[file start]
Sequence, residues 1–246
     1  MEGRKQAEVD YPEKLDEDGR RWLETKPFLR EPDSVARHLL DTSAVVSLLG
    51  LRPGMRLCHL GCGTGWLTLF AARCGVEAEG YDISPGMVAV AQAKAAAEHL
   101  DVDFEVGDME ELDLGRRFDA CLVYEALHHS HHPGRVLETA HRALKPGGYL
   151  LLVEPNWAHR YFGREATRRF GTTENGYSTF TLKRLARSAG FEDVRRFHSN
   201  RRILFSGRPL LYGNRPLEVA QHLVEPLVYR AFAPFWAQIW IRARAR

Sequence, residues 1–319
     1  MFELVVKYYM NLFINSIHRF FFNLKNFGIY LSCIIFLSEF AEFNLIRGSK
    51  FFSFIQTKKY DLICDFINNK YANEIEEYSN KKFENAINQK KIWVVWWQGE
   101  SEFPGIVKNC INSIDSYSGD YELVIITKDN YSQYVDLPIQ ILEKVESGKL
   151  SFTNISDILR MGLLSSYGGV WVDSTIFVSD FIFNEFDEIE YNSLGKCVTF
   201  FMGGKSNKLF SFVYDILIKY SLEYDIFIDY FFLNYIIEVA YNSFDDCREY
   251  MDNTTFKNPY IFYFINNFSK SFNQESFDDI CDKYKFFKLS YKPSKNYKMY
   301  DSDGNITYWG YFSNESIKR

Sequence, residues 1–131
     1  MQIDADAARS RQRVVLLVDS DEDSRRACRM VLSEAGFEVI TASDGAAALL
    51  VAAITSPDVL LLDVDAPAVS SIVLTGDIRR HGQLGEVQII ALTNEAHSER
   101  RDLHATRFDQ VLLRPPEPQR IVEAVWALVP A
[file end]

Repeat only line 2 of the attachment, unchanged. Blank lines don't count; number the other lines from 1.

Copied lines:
     1  MEGRKQAEVD YPEKLDEDGR RWLETKPFLR EPDSVARHLL DTSAVVSLLG